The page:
According to the Jesuit poet G.M. Hopkins, the “grandeur” of God flames out in the world and in nature.  Hopkins believed that, despite our destructive ways, humankind cannot destroy the presence of God’s grace in nature, renewed by the Holy Spirit each day at dawn. In a similar vein, I believe that the sins of the Catholic leaders cannot destroy the power of God’s grace being experienced today in the faith and hope of so many Catholics.

Thousands of Catholics are committed to a church in which the priestly vocations of women are treated with equal respect to the priestly vocations of men, and in which a life of celibacy is not a pre-requisite for a life of priestly ministry.

This is a time for renewal, a new dawn for our Church.  The momentum for change is building at the grass-roots level, the people of God.  All the disenfranchised need a voice; all the abused and betrayed deserve to be heard.  And the journey forward will not be easy.

But what about the abusers in our church? Can’t a priest be forgiven and receive the grace of God to overcome his compulsion to abuse children? As Elizabeth Dreyer eloquently expresses in Manifestations of Grace, grace has the power to transform, to bring life out of death, hope out of despair. I firmly believe in God’s grace and that I am alive only through the power of God’s grace. God’s grace is not in question. The issue, however, is not God’s grace, but the power of the human person to remain open and respond to that grace.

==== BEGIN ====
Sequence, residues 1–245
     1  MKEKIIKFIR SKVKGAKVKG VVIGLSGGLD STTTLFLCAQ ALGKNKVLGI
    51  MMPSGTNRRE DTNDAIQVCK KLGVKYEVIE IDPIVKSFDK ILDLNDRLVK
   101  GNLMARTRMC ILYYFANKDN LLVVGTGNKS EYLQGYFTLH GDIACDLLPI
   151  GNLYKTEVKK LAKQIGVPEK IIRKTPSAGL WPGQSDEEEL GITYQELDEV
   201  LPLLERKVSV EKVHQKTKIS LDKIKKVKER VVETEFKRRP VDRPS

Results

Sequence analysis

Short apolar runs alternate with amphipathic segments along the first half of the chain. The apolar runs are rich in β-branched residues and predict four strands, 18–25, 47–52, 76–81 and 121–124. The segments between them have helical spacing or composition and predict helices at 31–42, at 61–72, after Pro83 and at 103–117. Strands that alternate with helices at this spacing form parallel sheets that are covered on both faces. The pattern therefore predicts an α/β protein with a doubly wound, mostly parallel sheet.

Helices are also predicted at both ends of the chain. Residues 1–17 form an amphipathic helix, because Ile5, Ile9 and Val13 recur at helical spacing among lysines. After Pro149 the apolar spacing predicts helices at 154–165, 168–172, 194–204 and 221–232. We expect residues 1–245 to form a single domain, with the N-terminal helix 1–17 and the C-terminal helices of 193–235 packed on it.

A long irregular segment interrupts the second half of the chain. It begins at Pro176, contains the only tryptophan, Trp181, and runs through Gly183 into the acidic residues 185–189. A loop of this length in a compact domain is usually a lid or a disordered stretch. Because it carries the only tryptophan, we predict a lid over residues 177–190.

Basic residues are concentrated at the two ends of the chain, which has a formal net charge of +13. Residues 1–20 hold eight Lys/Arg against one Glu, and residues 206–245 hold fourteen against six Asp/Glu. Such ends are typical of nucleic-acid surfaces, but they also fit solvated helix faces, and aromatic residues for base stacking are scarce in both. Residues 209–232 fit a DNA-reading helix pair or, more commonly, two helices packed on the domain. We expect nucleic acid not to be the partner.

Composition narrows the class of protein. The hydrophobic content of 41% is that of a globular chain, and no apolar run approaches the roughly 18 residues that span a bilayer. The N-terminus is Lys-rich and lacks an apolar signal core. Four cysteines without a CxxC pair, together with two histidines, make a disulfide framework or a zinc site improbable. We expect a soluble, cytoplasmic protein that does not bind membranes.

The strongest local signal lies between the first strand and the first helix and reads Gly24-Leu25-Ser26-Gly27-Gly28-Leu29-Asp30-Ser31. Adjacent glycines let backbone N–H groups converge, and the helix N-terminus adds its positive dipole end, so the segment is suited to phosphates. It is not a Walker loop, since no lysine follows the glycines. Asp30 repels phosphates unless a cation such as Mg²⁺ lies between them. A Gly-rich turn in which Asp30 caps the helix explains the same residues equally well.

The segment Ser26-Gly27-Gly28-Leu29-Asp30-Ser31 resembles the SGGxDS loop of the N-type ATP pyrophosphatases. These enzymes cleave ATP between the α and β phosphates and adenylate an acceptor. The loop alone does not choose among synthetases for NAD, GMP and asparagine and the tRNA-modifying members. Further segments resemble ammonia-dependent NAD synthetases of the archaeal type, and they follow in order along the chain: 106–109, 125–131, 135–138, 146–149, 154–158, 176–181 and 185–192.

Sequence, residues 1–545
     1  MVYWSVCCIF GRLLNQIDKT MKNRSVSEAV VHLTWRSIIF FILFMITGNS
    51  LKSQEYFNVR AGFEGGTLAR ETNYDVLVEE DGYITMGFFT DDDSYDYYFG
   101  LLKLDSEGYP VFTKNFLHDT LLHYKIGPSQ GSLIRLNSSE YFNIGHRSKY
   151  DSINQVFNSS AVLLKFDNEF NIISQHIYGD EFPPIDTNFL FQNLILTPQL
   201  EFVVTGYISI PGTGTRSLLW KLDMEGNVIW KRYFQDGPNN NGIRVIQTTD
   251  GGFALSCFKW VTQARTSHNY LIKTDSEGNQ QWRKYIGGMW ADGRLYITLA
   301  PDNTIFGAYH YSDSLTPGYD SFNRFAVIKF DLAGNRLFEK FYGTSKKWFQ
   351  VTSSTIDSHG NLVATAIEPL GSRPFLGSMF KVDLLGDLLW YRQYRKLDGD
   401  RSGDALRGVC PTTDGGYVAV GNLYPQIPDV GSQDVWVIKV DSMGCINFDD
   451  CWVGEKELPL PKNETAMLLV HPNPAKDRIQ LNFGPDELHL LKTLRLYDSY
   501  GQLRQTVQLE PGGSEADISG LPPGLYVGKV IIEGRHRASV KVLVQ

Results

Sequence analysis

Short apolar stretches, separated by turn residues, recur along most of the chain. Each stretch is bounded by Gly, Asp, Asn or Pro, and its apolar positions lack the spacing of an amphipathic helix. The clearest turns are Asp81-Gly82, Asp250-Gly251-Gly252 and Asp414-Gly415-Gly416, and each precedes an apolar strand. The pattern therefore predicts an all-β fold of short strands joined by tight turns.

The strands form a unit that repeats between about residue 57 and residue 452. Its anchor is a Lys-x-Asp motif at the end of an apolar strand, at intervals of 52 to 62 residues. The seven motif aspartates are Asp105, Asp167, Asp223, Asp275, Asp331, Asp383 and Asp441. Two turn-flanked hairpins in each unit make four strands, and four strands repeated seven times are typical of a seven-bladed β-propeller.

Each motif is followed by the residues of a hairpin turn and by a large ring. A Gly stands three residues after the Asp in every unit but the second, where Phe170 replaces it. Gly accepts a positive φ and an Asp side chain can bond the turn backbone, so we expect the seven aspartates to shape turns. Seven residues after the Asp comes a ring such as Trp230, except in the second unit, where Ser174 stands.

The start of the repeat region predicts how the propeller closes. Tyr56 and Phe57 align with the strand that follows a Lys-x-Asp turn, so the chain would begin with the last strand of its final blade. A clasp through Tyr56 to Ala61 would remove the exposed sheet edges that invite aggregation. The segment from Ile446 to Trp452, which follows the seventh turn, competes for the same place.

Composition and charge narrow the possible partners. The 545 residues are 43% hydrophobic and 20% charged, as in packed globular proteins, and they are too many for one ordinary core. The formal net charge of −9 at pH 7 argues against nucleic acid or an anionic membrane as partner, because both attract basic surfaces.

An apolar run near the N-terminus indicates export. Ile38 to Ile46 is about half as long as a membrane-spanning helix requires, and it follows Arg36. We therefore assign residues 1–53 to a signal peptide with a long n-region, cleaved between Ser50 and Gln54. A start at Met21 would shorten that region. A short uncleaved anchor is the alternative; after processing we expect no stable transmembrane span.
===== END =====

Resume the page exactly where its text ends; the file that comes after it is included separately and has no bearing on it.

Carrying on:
Repentance is not enough; reception of the sacraments is not enough. Neither personal repentance nor communal sacraments have the power to change a sexual disorder.  Our bishops made this assumption in the past with horrific results, But now it should be clear to them: credibly accused pedophile priests must be taken out of ministry, regardless of statutes of limitations.

As a survivor who still considers herself a Catholic, the most pressing issue right now is not how can I heal (I have learned what I need to do) but how can the church heal?I do believe, as Jesus himself modeled, that the greatest challenge for any Christian, any human being, is to turn evil into good. Great evil has been perpetrated against our children, and also against our whole church community through the deceptions and cover-ups that made the Catholics in the pews unwitting accomplices in a morally corrupt institutional structure. The pain of healing will be no less than the pain caused by that evil. Our journey to forgiveness and healing will be long.

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